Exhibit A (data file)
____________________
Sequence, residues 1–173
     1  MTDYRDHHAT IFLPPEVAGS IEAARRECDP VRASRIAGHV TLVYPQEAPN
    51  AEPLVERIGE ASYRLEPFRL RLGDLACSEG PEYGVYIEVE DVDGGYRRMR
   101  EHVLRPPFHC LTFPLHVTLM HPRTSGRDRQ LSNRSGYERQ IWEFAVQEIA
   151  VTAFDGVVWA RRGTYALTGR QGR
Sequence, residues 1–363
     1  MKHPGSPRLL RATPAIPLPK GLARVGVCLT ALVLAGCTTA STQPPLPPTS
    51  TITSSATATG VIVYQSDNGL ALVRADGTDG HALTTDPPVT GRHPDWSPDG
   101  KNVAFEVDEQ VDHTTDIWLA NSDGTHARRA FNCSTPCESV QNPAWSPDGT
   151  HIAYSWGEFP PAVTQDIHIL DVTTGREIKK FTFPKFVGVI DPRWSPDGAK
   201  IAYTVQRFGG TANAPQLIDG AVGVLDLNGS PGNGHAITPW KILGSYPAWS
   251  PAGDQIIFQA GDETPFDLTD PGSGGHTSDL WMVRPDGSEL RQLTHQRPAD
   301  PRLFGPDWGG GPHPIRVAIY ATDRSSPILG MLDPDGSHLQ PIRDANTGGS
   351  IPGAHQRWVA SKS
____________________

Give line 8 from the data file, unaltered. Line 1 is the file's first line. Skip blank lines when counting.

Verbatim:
    51  TITSSATATG VIVYQSDNGL ALVRADGTDG HALTTDPPVT GRHPDWSPDG